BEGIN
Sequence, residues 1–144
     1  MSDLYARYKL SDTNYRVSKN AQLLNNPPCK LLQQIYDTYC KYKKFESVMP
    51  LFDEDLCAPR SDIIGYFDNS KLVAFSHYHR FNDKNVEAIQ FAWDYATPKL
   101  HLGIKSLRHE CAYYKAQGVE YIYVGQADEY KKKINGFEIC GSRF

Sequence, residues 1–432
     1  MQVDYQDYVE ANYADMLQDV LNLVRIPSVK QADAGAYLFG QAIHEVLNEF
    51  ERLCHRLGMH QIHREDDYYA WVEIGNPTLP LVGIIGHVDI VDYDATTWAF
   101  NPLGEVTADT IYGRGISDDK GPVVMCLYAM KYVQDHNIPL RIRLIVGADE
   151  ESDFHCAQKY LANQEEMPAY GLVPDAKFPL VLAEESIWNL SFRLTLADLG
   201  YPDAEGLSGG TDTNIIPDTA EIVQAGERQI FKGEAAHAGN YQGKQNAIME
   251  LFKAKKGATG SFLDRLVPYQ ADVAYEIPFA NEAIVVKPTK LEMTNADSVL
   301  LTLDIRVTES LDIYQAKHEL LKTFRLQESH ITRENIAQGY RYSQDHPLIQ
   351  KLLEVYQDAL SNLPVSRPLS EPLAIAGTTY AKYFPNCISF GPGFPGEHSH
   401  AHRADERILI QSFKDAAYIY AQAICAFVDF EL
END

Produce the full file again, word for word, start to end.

Sequence, residues 1–144
     1  MSDLYARYKL SDTNYRVSKN AQLLNNPPCK LLQQIYDTYC KYKKFESVMP
    51  LFDEDLCAPR SDIIGYFDNS KLVAFSHYHR FNDKNVEAIQ FAWDYATPKL
   101  HLGIKSLRHE CAYYKAQGVE YIYVGQADEY KKKINGFEIC GSRF

Sequence, residues 1–432
     1  MQVDYQDYVE ANYADMLQDV LNLVRIPSVK QADAGAYLFG QAIHEVLNEF
    51  ERLCHRLGMH QIHREDDYYA WVEIGNPTLP LVGIIGHVDI VDYDATTWAF
   101  NPLGEVTADT IYGRGISDDK GPVVMCLYAM KYVQDHNIPL RIRLIVGADE
   151  ESDFHCAQKY LANQEEMPAY GLVPDAKFPL VLAEESIWNL SFRLTLADLG
   201  YPDAEGLSGG TDTNIIPDTA EIVQAGERQI FKGEAAHAGN YQGKQNAIME
   251  LFKAKKGATG SFLDRLVPYQ ADVAYEIPFA NEAIVVKPTK LEMTNADSVL
   301  LTLDIRVTES LDIYQAKHEL LKTFRLQESH ITRENIAQGY RYSQDHPLIQ
   351  KLLEVYQDAL SNLPVSRPLS EPLAIAGTTY AKYFPNCISF GPGFPGEHSH
   401  AHRADERILI QSFKDAAYIY AQAICAFVDF EL